7. Requests the State Party to submit to the World Heritage Centre, by 1 December 2024, an updated report on the state of conservation of the property and the implementation of the above, for examination by the World Heritage Committee at its 47th session.
Draft Decision: 45 COM 7B.139

The World Heritage Committee,

  1. Having examined Document WHC/23/45.COM/7B,
  2. Recalling Decision 44 COM 7B.14, adopted at its extended 44th session (Fuzhou/online, 2021),
  3. Notes the progress made by the State Party in continuing conservation activities and in augmenting the management and presentation of the property;
  4. Reiterates its requests to the State Party to:
    1. Develop and finalize the comprehensive conservation plan for the property, and within this, address the various risk factors identified in the risk map previously provided. This should include proposals of concrete measures towards their effective reduction and mitigation as well as the establishment of a priority intervention scheme for the most urgent conservation measures needed,
    2. Augment the Management Plan to include the comprehensive conservation plan so as to allow the management team to focus on priority, emergency interventions, and providing detailed implementation-oriented guidance as well as quality indicators for its successful implementation,
    3. Research further the relationships between the Neo-Babylonian capital and its wider landscape, in particular towards the Euphrates River, and based on the outcomes of this research, consider further extending the buffer zone in order to address actual and potential future challenges which can be identified in the wider setting of the archaeological city,
    4. Communicate to visitors the three-dimensional boundary concept and the explicit exclusion of 20th century additions from the property;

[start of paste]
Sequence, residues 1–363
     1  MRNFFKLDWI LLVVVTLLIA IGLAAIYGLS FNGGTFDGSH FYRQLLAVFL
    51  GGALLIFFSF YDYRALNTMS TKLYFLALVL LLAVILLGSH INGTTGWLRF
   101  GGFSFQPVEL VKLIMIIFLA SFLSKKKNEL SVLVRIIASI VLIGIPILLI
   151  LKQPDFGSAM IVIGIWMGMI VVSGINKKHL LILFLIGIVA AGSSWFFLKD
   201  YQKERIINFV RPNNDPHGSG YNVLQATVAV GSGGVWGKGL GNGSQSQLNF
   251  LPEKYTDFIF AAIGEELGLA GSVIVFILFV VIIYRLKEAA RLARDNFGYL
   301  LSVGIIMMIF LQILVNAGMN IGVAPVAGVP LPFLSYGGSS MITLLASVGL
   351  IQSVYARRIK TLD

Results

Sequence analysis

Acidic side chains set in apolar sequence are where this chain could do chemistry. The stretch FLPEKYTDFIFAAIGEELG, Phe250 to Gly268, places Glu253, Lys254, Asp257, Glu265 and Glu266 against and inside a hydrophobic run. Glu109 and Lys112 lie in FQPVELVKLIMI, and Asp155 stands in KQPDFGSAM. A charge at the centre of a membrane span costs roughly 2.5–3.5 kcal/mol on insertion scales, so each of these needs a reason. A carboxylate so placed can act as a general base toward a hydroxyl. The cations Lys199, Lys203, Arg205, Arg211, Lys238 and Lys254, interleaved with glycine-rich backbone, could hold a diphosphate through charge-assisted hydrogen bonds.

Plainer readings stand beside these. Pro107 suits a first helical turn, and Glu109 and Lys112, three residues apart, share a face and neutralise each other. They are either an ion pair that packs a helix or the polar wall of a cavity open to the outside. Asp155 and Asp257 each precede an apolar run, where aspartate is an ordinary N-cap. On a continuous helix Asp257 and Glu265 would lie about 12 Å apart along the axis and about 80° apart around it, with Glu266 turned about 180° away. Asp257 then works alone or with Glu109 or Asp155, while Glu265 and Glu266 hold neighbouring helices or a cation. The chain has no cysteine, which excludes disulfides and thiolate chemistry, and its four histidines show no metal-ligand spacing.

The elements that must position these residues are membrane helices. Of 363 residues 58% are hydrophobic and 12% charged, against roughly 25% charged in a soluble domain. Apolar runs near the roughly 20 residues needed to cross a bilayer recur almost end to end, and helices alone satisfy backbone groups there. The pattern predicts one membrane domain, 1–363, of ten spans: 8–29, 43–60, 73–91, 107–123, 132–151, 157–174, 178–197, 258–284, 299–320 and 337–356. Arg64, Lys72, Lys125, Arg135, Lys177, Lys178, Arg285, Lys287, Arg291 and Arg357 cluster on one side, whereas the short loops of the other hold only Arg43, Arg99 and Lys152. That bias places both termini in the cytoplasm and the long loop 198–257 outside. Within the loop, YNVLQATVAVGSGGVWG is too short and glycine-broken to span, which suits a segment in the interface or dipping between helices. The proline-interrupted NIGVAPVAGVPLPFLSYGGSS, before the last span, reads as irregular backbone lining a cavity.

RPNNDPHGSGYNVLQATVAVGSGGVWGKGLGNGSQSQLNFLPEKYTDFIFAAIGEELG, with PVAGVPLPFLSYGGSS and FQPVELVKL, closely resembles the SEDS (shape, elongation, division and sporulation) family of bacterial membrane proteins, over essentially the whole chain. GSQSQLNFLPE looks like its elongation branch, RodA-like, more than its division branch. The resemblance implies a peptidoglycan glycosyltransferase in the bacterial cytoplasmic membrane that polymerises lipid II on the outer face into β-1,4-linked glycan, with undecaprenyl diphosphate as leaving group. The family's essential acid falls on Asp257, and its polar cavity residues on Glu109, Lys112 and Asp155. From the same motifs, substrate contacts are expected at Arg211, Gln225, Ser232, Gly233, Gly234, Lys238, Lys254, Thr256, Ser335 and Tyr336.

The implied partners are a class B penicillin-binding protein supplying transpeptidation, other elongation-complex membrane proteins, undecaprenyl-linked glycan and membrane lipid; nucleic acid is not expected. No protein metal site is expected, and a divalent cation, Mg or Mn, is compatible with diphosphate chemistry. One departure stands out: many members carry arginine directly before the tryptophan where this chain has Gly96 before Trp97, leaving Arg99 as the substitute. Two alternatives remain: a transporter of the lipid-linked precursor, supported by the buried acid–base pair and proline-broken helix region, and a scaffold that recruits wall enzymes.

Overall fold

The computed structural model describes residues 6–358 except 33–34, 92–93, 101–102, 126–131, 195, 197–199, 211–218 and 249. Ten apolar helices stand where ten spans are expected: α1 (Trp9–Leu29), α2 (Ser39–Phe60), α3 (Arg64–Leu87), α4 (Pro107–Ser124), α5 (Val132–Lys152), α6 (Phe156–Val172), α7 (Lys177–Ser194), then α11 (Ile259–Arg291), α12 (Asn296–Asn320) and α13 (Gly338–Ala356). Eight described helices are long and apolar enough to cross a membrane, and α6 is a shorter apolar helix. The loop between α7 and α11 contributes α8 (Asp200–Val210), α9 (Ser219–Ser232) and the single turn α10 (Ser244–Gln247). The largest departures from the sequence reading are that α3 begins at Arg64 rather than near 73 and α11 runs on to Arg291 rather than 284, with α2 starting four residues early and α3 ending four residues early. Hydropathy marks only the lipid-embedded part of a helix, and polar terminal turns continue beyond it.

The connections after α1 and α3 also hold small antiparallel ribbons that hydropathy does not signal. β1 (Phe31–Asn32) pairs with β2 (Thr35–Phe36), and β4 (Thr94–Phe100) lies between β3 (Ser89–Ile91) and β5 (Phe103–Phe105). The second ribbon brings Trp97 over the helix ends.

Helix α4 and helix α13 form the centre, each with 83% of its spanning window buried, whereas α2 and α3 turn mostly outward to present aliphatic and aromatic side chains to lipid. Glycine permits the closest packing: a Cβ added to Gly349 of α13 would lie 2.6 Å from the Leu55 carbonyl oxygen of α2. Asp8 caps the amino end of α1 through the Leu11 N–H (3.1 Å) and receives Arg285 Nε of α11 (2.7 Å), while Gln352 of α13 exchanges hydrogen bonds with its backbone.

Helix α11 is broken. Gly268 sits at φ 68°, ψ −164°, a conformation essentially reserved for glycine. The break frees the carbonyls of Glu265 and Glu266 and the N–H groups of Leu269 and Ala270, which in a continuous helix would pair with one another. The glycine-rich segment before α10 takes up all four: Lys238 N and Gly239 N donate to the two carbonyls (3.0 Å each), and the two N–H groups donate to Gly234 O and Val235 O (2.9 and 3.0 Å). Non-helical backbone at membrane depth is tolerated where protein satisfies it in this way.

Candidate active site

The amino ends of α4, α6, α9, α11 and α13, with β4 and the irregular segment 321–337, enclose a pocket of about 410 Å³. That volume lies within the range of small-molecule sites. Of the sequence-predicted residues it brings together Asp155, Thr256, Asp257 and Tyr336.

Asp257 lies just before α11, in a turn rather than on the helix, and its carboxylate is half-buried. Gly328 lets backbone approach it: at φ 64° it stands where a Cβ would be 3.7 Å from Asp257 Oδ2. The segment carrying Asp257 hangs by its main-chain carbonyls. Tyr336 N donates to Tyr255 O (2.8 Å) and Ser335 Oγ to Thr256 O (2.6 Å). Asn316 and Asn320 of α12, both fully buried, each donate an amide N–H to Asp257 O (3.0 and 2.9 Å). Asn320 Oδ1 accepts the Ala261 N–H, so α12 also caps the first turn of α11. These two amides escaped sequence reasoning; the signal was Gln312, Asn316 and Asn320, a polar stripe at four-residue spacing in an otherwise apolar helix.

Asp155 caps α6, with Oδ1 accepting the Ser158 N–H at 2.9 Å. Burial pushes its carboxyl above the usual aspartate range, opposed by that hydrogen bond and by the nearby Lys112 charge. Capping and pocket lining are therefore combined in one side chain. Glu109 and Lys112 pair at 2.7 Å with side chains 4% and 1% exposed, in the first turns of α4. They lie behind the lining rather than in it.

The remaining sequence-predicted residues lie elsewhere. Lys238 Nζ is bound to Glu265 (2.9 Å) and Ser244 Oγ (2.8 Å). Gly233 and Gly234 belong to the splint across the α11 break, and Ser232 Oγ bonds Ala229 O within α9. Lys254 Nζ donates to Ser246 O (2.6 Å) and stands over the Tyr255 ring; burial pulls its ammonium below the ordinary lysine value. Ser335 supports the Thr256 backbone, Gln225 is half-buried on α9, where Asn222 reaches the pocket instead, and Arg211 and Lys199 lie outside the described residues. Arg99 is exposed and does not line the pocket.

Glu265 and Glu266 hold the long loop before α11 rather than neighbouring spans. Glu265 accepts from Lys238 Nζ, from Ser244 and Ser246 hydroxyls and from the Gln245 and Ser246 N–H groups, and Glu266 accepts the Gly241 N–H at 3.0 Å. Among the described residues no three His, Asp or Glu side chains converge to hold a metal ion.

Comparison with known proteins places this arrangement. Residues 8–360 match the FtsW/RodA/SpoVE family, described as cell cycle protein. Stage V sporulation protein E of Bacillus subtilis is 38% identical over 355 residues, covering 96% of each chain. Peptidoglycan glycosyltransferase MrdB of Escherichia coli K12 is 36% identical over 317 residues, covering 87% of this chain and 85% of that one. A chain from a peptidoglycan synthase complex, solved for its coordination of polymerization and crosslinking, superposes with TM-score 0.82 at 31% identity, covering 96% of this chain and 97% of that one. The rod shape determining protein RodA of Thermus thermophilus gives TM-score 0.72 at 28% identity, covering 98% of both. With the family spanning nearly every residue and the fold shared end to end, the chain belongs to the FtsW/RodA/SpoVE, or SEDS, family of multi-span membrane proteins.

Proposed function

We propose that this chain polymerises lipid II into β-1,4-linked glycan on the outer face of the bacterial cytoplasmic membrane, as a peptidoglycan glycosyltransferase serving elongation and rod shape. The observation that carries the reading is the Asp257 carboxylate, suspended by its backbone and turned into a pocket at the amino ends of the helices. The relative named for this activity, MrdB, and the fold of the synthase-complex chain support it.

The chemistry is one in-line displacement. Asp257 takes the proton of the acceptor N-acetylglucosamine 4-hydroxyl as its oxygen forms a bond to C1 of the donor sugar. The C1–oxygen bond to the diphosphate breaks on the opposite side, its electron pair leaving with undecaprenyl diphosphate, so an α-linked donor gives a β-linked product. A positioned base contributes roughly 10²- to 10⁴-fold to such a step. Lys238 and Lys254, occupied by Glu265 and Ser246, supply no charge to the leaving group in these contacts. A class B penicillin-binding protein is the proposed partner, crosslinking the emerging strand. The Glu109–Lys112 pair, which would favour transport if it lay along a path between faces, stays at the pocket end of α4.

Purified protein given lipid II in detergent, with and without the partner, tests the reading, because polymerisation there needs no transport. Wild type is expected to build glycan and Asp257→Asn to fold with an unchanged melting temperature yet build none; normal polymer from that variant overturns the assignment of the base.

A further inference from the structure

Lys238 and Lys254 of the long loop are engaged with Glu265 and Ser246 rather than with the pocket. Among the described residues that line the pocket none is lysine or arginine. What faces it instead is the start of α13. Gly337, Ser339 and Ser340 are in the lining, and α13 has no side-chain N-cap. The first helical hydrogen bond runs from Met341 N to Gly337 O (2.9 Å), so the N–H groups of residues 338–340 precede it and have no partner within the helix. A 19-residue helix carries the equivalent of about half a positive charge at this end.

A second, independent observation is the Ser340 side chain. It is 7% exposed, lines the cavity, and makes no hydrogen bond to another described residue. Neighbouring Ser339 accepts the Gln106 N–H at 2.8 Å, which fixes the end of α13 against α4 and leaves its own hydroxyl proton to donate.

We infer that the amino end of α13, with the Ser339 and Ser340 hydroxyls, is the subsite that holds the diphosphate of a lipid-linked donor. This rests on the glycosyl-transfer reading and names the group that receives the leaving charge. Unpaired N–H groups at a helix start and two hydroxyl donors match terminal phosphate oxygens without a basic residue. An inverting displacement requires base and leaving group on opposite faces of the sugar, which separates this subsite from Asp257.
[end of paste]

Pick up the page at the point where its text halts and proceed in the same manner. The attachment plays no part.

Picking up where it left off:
5. Reminds the States Party to inform the World Heritage Centre in due course about any major development project that may negatively impact the Outstanding Universal Value of a property, before any irreversible decisions are made, in line with Paragraph 172 of the Operational Guidelines;
  6. Welcomes again the willingness of the State Party to host as soon as possible a joint World Heritage Centre/ICOMOS Advisory mission to assist the State Party to develop a phased action plan for the conservation of the property;
  7. Requests the State Party to submit to the World Heritage Centre, by 1 December 2024, an updated report on the state of conservation of the property and the implementation of the above, for examination by the World Heritage Committee at its 47th session.
Report year: 2023
Iraq
Date of Inscription: 2019
Category: Cultural
Criteria: (iii)(vi)
Documents examined by the Committee
SOC Report by the State Party
Report (2022) .pdf
arrow_circle_right 45COM (2023)
Exports

* : The threats indicated are listed in alphabetical order; their order does not constitute a classification according to the importance of their impact on the property.
Furthermore, they are presented irrespective of the type of threat faced by the property, i.e. with specific and proven imminent danger (“ascertained danger”) or with threats which could have deleterious effects on the property’s Outstanding Universal Value (“potential danger”).

** : All mission reports are not always available electronically.